Kopman championed developmentally disabled


Marlene Kopman, whose own experience with a developmentally disabled child motivated her to champion the cause of such children, and a former president of the Rainbow Village Board, died Sunday, Aug. 16, 2009, at her home in Creve Coeur. She was 77 and had fought breast cancer since 1995, according to her family.

Marlene and Jerrry Kopman adopted a small boy who they later would learn was developmentally disabled; a doctor advised the couple not to keep him. The Kopmans did not follow that advice and raised their son Ricky along with another son, Jeffrey, who was born later. Mrs. Kopman recalled getting a call from another mother of a developmentally disabled child who asked what would happen to their children when they got old or after they died.

The result of that conversation was the founding of Rainbow Village in the 1960s, a highly regarded residential campus and training center in St. Louis County. Mrs. Kopman became president of the Rainbow Village Board of Directors. When her son Ricky graduated from high school, she was part of the group who started West County Sheltered Workshop, now called Valley Industries, a business which employs people with disabilities.

Mrs. Kopman also served two terms as president of St. Louis Arc, where she helped start a pre-school program. She was named by President Jimmy Carter to the Presidential Committee on Mental Retardation. In 1979, the old St. Louis Globe-Democrat named her a Woman of Achievement.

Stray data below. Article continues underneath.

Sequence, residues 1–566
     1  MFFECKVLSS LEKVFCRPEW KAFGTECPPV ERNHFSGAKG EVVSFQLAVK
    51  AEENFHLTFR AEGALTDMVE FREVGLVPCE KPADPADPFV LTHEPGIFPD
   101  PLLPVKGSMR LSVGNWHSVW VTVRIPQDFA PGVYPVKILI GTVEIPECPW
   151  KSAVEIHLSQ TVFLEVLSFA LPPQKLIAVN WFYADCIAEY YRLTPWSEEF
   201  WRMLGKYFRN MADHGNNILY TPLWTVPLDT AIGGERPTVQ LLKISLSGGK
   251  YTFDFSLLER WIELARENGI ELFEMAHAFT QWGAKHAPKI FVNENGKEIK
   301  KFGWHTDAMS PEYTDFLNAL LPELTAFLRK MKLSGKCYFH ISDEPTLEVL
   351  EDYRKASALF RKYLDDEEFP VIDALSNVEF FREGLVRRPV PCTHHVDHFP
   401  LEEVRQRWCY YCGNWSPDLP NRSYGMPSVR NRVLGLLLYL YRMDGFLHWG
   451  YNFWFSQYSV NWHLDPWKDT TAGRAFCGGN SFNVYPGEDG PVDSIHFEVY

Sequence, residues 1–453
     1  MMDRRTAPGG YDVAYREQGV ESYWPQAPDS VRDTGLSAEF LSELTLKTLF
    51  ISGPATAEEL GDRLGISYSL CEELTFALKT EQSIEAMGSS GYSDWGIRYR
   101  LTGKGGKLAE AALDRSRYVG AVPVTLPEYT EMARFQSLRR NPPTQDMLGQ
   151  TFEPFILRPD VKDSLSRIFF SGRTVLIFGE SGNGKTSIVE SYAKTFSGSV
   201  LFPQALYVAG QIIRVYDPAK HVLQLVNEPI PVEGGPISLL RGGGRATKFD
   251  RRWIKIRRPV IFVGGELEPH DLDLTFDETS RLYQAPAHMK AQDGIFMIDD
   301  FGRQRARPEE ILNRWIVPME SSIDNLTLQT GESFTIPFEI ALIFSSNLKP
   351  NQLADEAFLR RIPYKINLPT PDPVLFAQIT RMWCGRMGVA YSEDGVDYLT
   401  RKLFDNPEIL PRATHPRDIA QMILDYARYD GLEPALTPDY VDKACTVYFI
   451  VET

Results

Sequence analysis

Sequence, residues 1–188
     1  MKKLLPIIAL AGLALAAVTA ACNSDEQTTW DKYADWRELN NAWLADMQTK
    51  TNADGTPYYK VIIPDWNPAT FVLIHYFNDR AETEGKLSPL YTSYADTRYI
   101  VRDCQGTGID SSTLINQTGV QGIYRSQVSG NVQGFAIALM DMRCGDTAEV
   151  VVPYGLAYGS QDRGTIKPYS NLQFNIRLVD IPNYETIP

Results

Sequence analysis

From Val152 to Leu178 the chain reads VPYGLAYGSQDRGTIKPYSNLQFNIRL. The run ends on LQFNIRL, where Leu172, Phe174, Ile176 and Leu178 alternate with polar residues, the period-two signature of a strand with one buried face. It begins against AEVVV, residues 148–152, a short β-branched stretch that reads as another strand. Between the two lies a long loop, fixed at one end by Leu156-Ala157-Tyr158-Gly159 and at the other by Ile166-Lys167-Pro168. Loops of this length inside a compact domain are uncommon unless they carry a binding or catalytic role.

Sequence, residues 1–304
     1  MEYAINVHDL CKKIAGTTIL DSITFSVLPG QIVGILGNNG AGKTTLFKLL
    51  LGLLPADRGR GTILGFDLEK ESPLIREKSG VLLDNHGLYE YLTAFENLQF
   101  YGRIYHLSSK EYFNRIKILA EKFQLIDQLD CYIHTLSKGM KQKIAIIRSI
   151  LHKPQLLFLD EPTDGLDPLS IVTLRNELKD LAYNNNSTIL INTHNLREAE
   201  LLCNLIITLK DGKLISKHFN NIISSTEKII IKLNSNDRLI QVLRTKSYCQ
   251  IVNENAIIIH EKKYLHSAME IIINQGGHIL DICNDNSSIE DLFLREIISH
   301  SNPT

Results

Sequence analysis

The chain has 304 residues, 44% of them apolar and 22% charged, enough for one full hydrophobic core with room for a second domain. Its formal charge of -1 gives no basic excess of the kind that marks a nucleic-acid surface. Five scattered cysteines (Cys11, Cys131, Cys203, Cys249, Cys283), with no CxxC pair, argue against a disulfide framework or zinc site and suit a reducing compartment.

“There has been no stronger advocate for people with developmental disabilities than Marlene,” said Kathy Meath, president and CEO of St. Louis Arc. “Young parents of children with disabilities have her tireless efforts to thank for the compre hensive services that are available today.” John Taylor, vice president for development of St. Louis Arc, also praised Mrs. Kopman’s “exemplary and dedicated service.”

Mrs. Kopman served on the board of the National Council of Jewish Women/St. Louis Section and the Jewish Hospital Auxiliary. She was a member of Temple Israel.

A memorial service was held last Tuesday at Temple Israel. Burial was private.

In addition to Mrs. Kopman’s husband, survivors include a sister, Bette Jean Greenblatt of Creve Coeur. Ricky Kopman died in 1998, at the age of 42. His younger brother, Jeffrey Kopman, died at age 24 in a traffic accident in 1981.

Memorial contributions may be made to the Kopman Fund at St. Louis Arc, 1816 Lackland Hill Parkway, Suite 200, St. Louis, Mo. 63146.